I've confessed more than once to bewilderment at the Pontevedra city retail scene, with places closing with monotonous regularity and then re-opening as – often - yet another jewellery store. Anyway, yesterday I passed what used to be a clothes shop, near the market in the old quarter. Now it's yet another health food shop. I think.
The line above the entrance reads: Healthy and Organic Food.
So, I guess it's actually more than just another place selling the latest fashion in seeds, pulses and oils.
Finally . . . There's a Bretoña up in the north, near Mondoñedo. And now I find there's one here in Pontevedra province, just outside the city. The former is said to be the site of a 6th century settlement of British monks, from either Grand Bretaña or Pequeña Bretaña in France. Does anyone know anything about the latter? One suggestion is that the name stems from the Brigante tribe but this seems unlikely to me.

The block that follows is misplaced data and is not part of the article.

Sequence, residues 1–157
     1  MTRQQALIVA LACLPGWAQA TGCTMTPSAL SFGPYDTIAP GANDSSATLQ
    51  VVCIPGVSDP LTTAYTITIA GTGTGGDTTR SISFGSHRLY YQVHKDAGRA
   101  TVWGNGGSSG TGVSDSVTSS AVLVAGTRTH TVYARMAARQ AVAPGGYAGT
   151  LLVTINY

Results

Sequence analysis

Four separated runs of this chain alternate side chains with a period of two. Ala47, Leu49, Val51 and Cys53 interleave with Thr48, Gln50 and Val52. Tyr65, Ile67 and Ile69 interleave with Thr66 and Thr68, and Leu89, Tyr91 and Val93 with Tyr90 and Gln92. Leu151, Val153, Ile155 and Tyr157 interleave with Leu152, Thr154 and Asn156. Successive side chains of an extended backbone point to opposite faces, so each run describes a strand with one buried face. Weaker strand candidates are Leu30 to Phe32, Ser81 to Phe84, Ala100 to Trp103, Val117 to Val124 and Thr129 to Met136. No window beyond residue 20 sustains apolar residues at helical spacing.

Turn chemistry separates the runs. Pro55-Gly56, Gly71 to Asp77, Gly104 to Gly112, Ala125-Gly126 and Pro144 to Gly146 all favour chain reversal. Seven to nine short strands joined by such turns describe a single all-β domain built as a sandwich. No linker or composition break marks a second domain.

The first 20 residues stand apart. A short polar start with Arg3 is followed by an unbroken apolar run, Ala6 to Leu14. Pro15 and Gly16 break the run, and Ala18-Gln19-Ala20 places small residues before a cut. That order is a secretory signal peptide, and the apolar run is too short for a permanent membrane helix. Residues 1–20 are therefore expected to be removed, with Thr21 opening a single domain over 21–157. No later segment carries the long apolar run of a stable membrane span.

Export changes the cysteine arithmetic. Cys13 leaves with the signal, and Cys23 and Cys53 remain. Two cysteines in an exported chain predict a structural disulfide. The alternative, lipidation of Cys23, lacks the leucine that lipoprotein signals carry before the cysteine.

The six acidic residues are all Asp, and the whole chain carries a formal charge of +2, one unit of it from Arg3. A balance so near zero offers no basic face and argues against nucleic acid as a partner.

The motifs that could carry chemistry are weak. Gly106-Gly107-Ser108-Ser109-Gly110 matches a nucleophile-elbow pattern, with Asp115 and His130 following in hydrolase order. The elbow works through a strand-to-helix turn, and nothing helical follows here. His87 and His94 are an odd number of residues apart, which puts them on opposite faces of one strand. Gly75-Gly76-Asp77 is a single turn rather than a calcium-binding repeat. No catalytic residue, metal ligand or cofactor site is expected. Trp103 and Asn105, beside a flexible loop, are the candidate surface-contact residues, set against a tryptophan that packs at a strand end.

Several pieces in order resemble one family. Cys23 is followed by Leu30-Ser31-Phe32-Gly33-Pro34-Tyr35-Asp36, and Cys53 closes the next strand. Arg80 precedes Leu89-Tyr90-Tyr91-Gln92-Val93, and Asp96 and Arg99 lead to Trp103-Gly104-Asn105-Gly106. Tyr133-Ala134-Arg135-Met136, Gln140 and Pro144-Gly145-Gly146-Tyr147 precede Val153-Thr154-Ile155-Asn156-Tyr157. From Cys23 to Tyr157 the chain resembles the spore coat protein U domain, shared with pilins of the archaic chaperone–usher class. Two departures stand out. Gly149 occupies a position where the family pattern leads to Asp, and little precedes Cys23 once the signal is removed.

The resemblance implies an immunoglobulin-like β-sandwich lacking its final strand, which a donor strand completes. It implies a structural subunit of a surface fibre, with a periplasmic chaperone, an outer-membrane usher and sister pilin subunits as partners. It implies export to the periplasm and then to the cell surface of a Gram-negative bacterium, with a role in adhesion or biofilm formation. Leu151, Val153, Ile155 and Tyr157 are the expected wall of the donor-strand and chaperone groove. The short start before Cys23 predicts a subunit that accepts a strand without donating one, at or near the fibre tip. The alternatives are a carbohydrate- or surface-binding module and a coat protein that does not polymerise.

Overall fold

THE EU ARTICLE
Why is anyone surprised the UK and EU do not agree about Brexit?
London’s pro-Brexit media and politicians should have known something was awry before May and Juncker’s disastrous dinner Dan Roberts: The Guardian.
Like a collision between supertankers, the clash between British and European Brexit negotiators has been a long time coming, but no less spectacular for it.
The EU course was set at least six months ago, when European commission negotiators first determined that the most practical way to disentangle Britain’s complex membership was to separate out the even more vexed question of future trade relations, which requires unanimous national approval, and leave it until later. Draft guidelines published in March by the European council confirmed that leaders in other EU capitals also viewed this as the best way to maximise their chances of getting Britain to help fill holes in the budget before it leaves.
But the direction of the UK government has been equally clear for almost as long. Relying in part on EU constitutional law for support, British officials have argued that it would be absurd to discuss how the country will leave without, in the words of article 50, also “taking account of the framework for its future relationship with the union”. The fact that it will be easier for Theresa May to write a cheque if she has something to show for it should not have escaped anyone.